Your motivation is starting to wane; you are conversational yet still frustrated and new languages are beckoning. Welcome to the intermediate plateau, the stage in language learning where you just stop making the fast gains and leaps in proficiency. For those initiated with content like podcasts, self-development and popular non-fiction books, concepts like the 80/20 and 10,000-hour rules and names like “Tim Ferris” and “Malcolm Gladwell” start to spring to mind. How something like the 80/20 rule extrapolates to language learning is that 20% of your effort will be used to see 80% of the results and 80% of your energy will be to achieve the remaining 20% of the results. The 100% meaning language mastery (near-native fluency.) From my own experience, I believe this idea to be true and demonstratable. If you use some rough statistical techniques such analysing the most commonly used words, morphemes, utterances or whatever breakdown of the noises and squiggles of a language you want to use, it will soon show that only a tiny portion of a language gets used frequently.
I think anyone who has gotten to this point in a language has felt super confident in one-on-one conversations with native speakers and then had their confidence smashed when they watch a movie or read poetry. An example from my own life comes from when I was learning French. I thought I was pretty fucking good 😉 only to try to talk to a monolingual French speaker about residential electrical wiring, and home renovation and realise this small portion of my vocabulary was non-existent. It was an example of that insidious 20% that comes in situations that are rare, specific and fluid. The 20% hides here:
- Specific admin and government shit of the country where the language is spoken.
- Housing, driver’s licenses, insurance etc.
- Pop-culture, inside jokes and references to stuff only locals would know.
- Those damn kids who skateboard on the sidewalk and their slang.
- Jargon from various professions.
- Idioms and sports terms that have made their way into the everyday vernacular.
- Maybe some other contexts I have not thought about.
In our native language, we gradually acquire pretty much all of this in-depth specific knowledge during childhood and early adulthood. It actually takes us a very long time, but because the expectations of children and adults are entirely different, we don’t feel the pressure when learning this content. When we learn another language later, we hold these adult expectations. Kerstin Cable actually speaks about this in an episode of her podcast “The Fluent Show.” She mentions that when she arrived in England as a native German speaker with academic near-native fluency in English (C1 level in the European framework), she felt really out of her depth for quite a while. Segway: Check her podcast out, I really recommend it.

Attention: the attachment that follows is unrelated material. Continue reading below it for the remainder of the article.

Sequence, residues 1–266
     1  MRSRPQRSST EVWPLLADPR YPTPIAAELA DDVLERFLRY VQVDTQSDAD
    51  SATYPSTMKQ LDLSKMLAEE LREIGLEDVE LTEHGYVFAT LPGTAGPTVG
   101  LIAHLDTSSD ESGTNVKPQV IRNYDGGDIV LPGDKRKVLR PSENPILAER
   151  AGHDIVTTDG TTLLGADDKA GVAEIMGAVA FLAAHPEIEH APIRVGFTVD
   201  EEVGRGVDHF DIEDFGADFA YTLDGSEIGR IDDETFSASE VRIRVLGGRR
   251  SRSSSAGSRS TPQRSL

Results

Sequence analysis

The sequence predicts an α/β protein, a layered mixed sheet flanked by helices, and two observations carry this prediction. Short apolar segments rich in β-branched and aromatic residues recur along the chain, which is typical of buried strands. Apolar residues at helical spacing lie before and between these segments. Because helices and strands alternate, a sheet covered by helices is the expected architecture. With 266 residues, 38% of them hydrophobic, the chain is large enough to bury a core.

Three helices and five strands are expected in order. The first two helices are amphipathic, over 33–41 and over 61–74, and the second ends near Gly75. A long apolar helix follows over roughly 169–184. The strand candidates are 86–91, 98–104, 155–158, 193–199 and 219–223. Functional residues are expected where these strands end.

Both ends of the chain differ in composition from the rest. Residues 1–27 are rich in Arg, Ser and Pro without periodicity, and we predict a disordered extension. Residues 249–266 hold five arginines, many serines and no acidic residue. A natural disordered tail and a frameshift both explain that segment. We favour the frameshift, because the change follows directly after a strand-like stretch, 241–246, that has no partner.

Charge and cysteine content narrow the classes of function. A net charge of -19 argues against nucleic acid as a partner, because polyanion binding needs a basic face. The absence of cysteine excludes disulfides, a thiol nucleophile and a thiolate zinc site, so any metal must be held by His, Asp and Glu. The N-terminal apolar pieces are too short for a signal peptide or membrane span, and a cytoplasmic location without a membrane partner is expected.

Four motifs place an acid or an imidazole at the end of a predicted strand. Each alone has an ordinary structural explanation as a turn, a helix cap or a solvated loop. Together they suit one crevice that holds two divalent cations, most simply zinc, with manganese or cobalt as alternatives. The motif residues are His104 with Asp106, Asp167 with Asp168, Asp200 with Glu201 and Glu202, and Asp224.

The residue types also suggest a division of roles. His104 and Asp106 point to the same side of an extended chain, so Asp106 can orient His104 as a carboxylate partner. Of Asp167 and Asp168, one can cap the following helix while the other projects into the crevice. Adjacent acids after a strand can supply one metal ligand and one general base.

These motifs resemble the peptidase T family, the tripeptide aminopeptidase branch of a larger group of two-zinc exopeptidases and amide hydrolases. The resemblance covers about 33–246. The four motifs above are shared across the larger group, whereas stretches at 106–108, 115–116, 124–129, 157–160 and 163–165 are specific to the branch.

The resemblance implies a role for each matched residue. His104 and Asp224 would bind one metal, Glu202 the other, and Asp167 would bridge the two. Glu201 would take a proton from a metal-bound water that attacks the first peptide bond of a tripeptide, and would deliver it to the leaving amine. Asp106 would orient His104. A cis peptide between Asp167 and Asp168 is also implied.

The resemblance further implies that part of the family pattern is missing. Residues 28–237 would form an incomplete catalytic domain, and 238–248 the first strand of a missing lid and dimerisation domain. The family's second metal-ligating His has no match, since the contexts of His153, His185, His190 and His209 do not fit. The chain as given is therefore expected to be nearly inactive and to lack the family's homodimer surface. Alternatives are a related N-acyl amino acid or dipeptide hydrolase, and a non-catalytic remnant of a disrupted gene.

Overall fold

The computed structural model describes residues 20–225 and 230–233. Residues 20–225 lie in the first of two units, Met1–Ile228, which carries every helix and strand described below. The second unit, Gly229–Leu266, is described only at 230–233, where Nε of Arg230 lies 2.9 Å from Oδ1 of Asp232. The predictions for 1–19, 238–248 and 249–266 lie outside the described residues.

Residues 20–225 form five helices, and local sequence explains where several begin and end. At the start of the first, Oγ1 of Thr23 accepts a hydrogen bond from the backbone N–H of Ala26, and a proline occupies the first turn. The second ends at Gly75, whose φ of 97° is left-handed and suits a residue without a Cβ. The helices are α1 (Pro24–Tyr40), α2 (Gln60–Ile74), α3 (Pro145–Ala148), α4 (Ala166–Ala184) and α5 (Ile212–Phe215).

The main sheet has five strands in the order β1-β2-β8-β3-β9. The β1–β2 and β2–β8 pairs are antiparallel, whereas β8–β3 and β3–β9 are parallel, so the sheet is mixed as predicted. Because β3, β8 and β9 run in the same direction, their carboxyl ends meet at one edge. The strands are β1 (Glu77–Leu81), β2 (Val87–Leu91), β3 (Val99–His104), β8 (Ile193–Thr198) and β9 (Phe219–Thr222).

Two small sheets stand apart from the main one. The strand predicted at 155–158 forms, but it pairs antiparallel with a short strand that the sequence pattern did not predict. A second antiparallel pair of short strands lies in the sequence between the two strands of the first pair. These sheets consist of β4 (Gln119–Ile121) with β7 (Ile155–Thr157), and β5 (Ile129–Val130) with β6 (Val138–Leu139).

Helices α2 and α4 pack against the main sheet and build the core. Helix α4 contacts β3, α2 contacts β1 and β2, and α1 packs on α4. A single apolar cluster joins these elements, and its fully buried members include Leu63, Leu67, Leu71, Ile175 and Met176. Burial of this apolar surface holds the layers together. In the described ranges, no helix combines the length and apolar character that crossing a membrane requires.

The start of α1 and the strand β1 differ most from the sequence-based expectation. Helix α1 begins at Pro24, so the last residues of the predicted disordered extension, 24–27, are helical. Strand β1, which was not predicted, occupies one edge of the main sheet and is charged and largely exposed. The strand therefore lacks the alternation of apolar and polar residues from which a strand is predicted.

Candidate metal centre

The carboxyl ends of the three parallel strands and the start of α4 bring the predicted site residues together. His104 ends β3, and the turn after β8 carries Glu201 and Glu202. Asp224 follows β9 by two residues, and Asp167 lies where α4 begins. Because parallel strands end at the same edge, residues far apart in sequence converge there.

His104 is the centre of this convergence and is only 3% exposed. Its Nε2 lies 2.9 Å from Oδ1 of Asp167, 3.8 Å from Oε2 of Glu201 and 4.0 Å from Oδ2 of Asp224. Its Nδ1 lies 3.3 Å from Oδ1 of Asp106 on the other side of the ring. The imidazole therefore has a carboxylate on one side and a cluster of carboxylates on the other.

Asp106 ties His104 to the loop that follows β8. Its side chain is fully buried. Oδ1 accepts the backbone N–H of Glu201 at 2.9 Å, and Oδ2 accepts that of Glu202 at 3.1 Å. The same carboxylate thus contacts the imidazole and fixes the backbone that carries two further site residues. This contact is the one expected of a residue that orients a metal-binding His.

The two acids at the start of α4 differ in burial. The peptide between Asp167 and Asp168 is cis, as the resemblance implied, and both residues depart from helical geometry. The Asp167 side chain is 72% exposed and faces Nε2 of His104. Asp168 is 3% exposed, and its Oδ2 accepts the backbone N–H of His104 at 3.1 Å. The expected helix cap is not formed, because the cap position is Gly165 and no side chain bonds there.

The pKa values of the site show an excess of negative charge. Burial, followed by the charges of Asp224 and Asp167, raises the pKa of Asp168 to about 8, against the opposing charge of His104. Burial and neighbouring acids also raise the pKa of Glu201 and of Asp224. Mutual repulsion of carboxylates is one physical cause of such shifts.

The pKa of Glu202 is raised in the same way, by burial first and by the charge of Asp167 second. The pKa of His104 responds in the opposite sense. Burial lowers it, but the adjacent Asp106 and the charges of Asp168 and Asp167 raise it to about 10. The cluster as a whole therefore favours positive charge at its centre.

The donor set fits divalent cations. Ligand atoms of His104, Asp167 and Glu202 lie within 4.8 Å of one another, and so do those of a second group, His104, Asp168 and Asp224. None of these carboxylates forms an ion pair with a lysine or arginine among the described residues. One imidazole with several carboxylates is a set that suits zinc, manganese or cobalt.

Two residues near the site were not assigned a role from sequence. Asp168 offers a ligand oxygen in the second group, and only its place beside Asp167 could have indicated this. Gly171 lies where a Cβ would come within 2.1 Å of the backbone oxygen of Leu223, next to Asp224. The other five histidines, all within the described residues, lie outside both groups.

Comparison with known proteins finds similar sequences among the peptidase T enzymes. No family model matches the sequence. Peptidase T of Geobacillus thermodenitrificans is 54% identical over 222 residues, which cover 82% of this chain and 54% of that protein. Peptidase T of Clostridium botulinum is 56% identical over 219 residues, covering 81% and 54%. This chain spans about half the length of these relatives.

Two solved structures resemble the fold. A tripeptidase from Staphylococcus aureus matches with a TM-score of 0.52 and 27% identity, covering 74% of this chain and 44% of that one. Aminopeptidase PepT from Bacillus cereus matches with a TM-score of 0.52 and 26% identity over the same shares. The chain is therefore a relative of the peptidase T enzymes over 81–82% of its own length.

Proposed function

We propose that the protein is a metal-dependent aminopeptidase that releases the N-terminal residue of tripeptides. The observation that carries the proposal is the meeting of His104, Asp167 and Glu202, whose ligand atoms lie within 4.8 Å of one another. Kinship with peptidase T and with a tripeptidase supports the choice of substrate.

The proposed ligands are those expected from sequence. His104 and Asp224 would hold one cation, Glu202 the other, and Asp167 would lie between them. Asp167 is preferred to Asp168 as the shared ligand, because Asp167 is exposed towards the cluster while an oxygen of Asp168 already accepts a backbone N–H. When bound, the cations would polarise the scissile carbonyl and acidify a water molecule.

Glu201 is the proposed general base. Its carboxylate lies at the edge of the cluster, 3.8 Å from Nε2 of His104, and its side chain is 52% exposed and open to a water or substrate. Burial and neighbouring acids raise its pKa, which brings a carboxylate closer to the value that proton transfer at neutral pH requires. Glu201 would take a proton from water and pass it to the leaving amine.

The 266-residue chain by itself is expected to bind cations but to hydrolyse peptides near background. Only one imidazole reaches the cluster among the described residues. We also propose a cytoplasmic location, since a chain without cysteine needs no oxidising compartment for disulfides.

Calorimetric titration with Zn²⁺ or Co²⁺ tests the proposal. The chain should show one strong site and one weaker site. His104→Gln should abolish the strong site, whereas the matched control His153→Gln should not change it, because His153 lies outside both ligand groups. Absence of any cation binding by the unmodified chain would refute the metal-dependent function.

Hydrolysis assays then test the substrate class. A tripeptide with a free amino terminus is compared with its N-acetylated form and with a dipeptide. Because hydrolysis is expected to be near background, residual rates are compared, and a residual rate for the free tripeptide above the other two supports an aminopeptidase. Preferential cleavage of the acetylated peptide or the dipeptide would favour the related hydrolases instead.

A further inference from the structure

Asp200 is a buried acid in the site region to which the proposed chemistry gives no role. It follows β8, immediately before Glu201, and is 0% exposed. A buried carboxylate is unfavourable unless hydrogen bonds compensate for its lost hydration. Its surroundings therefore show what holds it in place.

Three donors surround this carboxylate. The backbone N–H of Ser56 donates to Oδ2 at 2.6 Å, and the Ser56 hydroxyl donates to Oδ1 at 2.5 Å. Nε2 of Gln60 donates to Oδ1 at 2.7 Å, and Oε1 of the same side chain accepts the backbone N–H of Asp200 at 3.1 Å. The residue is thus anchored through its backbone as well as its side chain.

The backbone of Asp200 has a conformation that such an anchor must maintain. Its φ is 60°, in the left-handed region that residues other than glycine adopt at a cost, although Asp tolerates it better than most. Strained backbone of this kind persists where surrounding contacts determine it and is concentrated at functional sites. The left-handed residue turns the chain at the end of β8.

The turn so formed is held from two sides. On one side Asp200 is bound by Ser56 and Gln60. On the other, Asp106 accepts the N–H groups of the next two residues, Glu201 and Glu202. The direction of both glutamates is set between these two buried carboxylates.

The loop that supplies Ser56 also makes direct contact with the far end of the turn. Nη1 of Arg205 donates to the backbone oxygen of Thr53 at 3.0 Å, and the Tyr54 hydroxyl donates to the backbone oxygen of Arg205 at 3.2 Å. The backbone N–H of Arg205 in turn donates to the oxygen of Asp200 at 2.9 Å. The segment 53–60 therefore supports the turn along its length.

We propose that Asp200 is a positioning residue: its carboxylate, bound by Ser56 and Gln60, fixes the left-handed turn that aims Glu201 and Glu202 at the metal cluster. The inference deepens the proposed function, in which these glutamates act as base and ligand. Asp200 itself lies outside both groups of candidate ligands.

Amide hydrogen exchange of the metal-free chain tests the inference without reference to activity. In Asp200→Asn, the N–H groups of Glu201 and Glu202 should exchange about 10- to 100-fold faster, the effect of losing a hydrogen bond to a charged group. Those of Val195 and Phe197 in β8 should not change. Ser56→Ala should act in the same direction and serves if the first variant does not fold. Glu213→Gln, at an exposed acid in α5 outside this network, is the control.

What can be done? From my experience and listening to that of others, several things can be done so we don’t fall off the wagon. Simple! Find motivation wherever you can get it and set short-term realistic goals that can be sustained over the long term. At the intermediate stage, motivation is really at risk unless the motivation is there, and the goals are realistic it will be a struggle. There are two types of motivation “extrinsic” and “intrinsic.” Extrinsic motivation is generated by our environment and community, some examples are:
- Acceptance or inclusion by peers.
- Necessity, work, education, travel, survival.
- Cool content that is only available in that language.
- Fame, money, prestige.
Intrinsic motivation may be harder to cultivate at this stage, some people tend to have more of it naturally, people who answer the question “Why learn that language?” with “Cos I can!” likely have this already. Intrinsic motivation could be stuff like:
- A dream to someday buy a house and live in that country.
- Prove to themselves that they can do something hard, the thrill of the hunt.
- Genuine interest in language itself.
Some of the above motives could be a mixture of both types of motivation, and indeed a healthy combination of both has to be present in my opinion for long-term progress. If the extrinsic motivation is weak, then the intrinsic motivation must be higher, this means it MUST BE FUN. Your expectations MUST BE REALISTIC. If extrinsic motivation is high but not the internal than you only reach the standard required by your environment and you probably won’t progress much further, Think of the little old Italian lady who after 50 years in “English speaking country X” still can’t speak native level English. She speaks precisely the standard demanded by her environment and nothing more, and her completely fluent children can bridge any gaps for her (Sorry little old Italian ladies, you are purely hypothetical in this example, and I am not some kind of “ist” who has a prejudice.)
Remember small wins over long periods will bust this plateau, after all, it is the 80% part of the journey. If anyone doubts that the devil is in the final 20% of the detail? I built in a test for you to pass, If you are older than 40 years old I highly doubt you will understand why my title is “Indigo Plateau” instead of “Intermediate Plateau” (I have added a picture to assist in finding out.)
Language learning is a logarithmic curve, and it gets harder to know what you don’t know the more that you know. Boom! Incepted!
*Images – no copyright infringement intended, probably copyright of Nintendo.